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Washington's commitment to defending Europe from missile attacks remains unbending, a top US security official said Wednesday, after it froze the final phase of a plan to counter threats from North Korea and Iran.
"Let me emphasise the strong and continued commitment of the United States to NATO missile defence. That commitment remains ironclad," said Rose Gottemoeller, acting under secretary of state for arms control and international security.
Speaking at the Geneva Centre for Security Policy, an international think-tank, she rejected claims that Washington was watering down its European anti-missile moves.
US President Barack Obama's current plan -- adapted from one drawn up under his predecessor George W. Bush -- envisages a defence shield comprising a super-powerful radar in Turkey, SM-3 IIA interceptors aboard frigates in the Mediterranean and 48 interceptors split between Poland and Romania.
But last Friday, US Defence Secretary Chuck Hagel said Washington would deploy 14 anti-missile interceptors in Alaska, up from the current 30, in response to mounting concerns about nuclear-armed North Korea.
That meant calling off the fourth and final phase of the European plan, which foresaw upgraded SM-3 IIB "missile-killing" technology being deployed within a decade.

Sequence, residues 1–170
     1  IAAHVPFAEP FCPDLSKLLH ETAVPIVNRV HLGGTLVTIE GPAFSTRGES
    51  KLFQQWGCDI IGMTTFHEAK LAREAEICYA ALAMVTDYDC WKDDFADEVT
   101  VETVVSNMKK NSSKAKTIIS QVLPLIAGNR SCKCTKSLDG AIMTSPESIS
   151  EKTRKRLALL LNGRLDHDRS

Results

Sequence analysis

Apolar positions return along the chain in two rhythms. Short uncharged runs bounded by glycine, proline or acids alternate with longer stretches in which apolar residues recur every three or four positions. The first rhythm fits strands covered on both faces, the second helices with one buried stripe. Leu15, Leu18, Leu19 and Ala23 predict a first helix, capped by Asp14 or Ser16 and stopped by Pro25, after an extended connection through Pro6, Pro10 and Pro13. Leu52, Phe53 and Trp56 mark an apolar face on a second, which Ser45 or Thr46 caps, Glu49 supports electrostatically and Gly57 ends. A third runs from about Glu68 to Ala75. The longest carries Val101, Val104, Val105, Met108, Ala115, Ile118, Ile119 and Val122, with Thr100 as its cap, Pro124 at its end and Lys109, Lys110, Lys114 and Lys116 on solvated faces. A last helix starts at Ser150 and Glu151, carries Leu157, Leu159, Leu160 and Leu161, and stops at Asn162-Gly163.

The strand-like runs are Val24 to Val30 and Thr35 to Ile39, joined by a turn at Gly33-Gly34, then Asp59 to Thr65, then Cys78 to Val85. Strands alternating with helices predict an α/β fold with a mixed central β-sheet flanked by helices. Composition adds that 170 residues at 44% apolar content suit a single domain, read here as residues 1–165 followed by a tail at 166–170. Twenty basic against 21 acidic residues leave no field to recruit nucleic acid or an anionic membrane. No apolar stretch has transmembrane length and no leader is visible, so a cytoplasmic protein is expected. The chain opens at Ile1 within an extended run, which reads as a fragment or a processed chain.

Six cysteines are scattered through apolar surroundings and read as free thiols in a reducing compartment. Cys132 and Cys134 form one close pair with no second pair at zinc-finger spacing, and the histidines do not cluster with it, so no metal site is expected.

Besides Alaska, Washington is eyeing sites on the US east coast, and plans a new radar facility with Japan, Gottemoeller said.
"These combined steps serve to strengthen missile defences for the protection of the US homeland and our allies," she said.
"Phase one through phase three of the European phased adaptive approach, including sites in Romania and Poland, will provide coverage of all European NATO territory as planned by 2018."
The US shield is linked to a plan for Europe which NATO launched last May. Both have raised hackles in Russia, which dubs them a threat on its doorstep.
Gottemoeller, a fluent Russian speaker involved in arms control issues since the early 1990s, questioned Moscow's stance.
"The United States' missile defence programmes are very limited in nature. They focus on regional threats from Iran and North Korea," she said.
Since the Cold War era of the 1980s, Moscow has made "incredible progress" on counter-measures for missile defence systems, she said.
"Therefore, I see no objective reason to say that very limited American missile defence capabilities are any threat to Russia's nuclear deterrent at all.
"We believe that cooperating on these missile defence developments is the best way to build mutual confidence."